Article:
Why are young drivers’ car insurance premiums so high?
Insurers decide how much you'll pay for car insurance based on how likely they think you are to make a claim.
Drivers considered more of a risk pay more and drivers considered less of a risk pay less. However, the way risk is measured can be crude, especially when it comes to your age.
The reason for this is that drivers at each age extreme - ie those under 25 and those well into their retirement years - are statistically more likely to be involved in serious accidents
So, regardless of how conscientious you are a driver, you’ll be viewed as a higher risk.
As the chart below shows, a driver in their early 20s is likely to be paying about four times more, on average, than a driver in their 60s.
And just to make things a little more painful, policies for drivers under 25 often come with steep compulsory excesses and restrictions in some areas of cover.
How can I get cheaper insurance as a young driver?
If you’re a younger driver, there are ways to reduce the cost of your insurance.
Stick with a cheap-to-insure car
Insurance is a significant cost in running a car, and in turn, the type and model of car has a significant bearing on the premium.
For example, for younger or inexperienced drivers, cars with lower horsepower engines are likely to be much cheaper to insure than high-performance models.
So before you purchase a car, it’s sensible to run an insurance quote for it as part of your decision-making process.
Read Which?'s car reviews to find the right new or used car for first-time drivers.
Add a voluntary excess
The excess should reflect the amount you can afford to pay without the insurer’s support. The higher this is, the lower your premium will be.
Remember, though, that policies almost always come with compulsory excesses beneath the voluntary one you can choose. So check that you're comfortable with what the total of these is.
Add a named driver to your policy
Add an older and more experienced named driver to your policy and the cost of cover is likely to fall.
Bear in mind, however, that it's illegal to put someone down as the main driver if this is not the case.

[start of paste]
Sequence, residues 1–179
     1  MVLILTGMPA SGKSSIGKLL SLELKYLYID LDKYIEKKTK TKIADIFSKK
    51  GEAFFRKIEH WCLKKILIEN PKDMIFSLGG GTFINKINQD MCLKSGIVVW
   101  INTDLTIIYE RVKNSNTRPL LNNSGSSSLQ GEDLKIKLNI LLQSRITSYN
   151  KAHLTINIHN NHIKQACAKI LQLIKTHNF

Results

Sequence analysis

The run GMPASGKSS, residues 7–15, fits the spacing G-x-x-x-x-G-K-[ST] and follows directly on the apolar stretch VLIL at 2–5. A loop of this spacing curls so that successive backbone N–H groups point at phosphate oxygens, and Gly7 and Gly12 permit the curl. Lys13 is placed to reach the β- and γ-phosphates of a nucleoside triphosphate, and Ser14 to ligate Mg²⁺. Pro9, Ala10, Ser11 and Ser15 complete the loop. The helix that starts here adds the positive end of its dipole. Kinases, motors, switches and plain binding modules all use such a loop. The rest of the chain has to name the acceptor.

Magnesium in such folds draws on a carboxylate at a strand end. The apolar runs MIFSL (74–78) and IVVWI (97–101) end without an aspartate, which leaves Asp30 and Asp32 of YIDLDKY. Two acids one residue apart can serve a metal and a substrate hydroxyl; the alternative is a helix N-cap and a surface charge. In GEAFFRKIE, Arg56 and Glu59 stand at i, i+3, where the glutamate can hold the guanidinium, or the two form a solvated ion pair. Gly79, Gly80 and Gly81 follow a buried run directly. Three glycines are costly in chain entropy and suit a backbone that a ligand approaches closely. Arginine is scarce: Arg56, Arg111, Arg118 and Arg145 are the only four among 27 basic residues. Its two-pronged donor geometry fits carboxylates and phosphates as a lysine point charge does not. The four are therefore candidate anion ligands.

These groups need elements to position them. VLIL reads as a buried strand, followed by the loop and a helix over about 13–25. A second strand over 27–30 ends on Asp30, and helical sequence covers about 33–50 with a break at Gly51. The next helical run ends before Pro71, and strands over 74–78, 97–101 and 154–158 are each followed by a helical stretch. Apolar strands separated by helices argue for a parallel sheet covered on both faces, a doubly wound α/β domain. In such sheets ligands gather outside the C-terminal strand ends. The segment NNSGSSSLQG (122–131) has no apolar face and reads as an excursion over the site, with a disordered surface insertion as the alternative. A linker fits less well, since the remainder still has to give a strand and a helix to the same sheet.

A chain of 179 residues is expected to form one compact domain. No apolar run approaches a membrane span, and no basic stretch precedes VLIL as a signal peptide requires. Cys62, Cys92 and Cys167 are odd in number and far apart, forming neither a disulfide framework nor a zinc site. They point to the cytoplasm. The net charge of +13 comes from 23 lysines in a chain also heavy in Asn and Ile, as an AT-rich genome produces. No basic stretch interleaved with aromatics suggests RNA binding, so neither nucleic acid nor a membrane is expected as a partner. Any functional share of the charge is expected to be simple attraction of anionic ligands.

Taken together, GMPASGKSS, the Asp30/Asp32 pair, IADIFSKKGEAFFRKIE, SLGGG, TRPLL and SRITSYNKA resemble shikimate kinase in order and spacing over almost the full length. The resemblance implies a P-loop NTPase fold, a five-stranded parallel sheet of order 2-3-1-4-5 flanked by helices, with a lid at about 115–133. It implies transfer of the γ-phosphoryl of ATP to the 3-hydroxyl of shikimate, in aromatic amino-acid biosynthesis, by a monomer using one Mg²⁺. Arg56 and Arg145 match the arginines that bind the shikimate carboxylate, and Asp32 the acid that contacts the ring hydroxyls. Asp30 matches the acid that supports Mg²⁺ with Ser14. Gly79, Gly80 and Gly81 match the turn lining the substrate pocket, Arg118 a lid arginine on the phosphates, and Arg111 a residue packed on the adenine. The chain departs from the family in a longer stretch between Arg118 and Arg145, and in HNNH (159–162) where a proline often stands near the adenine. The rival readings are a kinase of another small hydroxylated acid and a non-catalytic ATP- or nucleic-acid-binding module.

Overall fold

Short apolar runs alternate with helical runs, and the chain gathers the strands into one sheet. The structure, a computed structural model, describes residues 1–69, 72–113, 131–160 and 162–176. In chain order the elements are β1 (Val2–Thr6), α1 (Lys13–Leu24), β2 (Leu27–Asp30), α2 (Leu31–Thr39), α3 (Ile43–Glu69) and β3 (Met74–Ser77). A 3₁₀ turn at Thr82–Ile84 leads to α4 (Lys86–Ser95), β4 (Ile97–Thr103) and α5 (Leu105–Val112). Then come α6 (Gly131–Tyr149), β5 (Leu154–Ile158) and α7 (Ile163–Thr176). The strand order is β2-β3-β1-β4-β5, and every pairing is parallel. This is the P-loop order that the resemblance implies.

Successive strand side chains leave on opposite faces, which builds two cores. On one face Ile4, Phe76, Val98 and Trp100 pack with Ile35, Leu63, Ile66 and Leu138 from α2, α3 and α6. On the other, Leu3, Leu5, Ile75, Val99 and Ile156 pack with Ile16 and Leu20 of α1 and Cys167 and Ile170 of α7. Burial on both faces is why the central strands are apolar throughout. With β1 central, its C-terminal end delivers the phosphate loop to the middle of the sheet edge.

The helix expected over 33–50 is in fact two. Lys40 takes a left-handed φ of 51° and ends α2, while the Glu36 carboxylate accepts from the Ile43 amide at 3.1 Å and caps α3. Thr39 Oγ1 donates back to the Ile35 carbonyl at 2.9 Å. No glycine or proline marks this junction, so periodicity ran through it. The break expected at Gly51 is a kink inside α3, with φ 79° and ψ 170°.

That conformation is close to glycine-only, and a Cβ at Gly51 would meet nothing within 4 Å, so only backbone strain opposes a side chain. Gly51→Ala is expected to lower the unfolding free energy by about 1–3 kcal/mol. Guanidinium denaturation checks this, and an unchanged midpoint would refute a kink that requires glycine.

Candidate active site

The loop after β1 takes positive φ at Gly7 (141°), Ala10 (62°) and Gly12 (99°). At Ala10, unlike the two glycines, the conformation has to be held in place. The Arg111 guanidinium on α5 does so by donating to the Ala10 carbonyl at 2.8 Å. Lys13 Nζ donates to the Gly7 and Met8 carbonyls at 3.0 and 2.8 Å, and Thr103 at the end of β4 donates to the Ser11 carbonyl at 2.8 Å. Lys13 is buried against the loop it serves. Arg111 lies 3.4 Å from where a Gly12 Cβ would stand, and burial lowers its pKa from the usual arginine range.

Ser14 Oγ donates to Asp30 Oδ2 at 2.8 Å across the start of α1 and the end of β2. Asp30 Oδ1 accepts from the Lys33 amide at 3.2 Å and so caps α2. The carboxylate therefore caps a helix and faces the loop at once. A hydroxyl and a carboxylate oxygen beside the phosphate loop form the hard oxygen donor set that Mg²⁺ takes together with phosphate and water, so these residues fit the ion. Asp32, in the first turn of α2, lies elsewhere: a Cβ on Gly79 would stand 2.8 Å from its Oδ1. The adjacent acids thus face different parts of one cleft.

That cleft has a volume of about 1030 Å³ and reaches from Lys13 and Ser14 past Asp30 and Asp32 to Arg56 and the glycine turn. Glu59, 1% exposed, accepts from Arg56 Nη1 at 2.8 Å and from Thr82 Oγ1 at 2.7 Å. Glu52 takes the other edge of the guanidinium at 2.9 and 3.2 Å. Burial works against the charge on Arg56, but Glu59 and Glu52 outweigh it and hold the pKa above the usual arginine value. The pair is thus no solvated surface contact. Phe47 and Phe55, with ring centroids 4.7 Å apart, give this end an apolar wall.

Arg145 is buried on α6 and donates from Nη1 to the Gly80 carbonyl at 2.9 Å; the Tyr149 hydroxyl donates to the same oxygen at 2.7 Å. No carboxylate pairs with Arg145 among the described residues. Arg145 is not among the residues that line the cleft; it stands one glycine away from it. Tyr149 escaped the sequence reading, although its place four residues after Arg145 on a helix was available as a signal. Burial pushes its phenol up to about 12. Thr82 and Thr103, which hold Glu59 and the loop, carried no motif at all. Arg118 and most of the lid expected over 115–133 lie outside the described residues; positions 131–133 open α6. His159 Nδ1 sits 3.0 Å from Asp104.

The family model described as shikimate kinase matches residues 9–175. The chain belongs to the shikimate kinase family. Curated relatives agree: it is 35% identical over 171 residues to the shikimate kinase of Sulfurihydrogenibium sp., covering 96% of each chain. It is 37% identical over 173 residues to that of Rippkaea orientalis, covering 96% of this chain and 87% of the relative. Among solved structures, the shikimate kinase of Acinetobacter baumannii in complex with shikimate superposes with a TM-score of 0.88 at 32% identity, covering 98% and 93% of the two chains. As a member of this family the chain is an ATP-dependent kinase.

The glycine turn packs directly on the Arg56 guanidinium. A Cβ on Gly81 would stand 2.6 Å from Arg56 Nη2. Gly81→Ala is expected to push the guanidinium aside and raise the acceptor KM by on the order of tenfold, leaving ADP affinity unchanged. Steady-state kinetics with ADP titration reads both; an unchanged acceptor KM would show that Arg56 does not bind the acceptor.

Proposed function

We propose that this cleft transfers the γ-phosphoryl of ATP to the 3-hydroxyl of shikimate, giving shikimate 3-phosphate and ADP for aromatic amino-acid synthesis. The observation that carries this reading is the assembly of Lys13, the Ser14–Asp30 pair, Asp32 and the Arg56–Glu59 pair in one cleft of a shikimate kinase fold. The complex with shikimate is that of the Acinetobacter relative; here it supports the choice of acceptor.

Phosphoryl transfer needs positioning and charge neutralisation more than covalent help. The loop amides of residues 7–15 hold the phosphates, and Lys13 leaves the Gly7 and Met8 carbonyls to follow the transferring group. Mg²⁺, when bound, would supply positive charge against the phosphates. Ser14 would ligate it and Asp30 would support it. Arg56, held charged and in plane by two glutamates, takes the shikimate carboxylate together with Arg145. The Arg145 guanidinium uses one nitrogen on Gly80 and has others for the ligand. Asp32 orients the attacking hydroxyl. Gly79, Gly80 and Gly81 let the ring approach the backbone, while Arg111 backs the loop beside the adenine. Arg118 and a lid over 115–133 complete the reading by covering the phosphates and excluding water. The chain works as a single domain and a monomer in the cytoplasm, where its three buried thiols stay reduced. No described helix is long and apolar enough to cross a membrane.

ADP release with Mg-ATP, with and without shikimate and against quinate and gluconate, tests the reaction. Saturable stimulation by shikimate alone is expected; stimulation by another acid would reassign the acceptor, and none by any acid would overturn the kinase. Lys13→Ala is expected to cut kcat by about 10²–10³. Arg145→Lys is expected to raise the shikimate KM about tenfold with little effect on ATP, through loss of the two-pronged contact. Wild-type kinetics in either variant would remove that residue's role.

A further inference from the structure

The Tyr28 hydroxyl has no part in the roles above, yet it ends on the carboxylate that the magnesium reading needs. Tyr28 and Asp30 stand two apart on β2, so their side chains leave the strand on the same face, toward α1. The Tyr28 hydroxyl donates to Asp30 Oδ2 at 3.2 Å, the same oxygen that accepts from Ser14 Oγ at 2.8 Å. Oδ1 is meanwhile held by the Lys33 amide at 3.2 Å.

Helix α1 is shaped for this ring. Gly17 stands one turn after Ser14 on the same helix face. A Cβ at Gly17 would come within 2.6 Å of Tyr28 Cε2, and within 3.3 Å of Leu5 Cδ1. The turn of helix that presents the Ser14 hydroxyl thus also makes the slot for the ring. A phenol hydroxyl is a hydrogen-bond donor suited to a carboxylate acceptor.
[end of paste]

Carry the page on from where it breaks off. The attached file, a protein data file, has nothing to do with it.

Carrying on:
This practice is known as 'fronting', and if your insurer finds out they may refuse to pay out on a claim and you may lose your no-claims bonus. The insurer may also take legal action against you for fraud.
Consider black box car insurance
With telematics policies - often referred to as ‘black box car insurance’ - your insurer tracks your driving in real time. Depending on the policy and model of car, this may involve the fitting of a GPS device (or ‘black box’) to the car.
If you can prove that you are a good driver you're rewarded, usually with cheaper cover. Drive badly, however, and you can lose any discounts you are entitled to and – if your driving doesn’t improve – your policy can be cancelled.
There are different types of policies available. Some focus solely on how you drive, others help lower your costs by restricting your mileage (which can be ideal if you're an infrequent driver) and some will give you other types of rewards, such as free gifts and high street vouchers.
Find out more in our full guide to how black box car insurance works.
Avoid monthly repayments - if you can
Most car insurers charge interest if you want to pay your insurance monthly - a bit like loaning you the full annual cost of your insurance and having you pay back the loan over the course of 12 months.
If you can afford to pay for your insurance all in one go, you could get a cheaper premium and avoid interest charges.
If not, you could pay an interest-free credit card, and repay your premium monthly without incurring interest. Some insurers might charge you for using a credit card.
Alternatively, you could choose an insurer that allows you to pay monthly without hitting you with interest. Discover who these are in our car insurance fees and charges guide.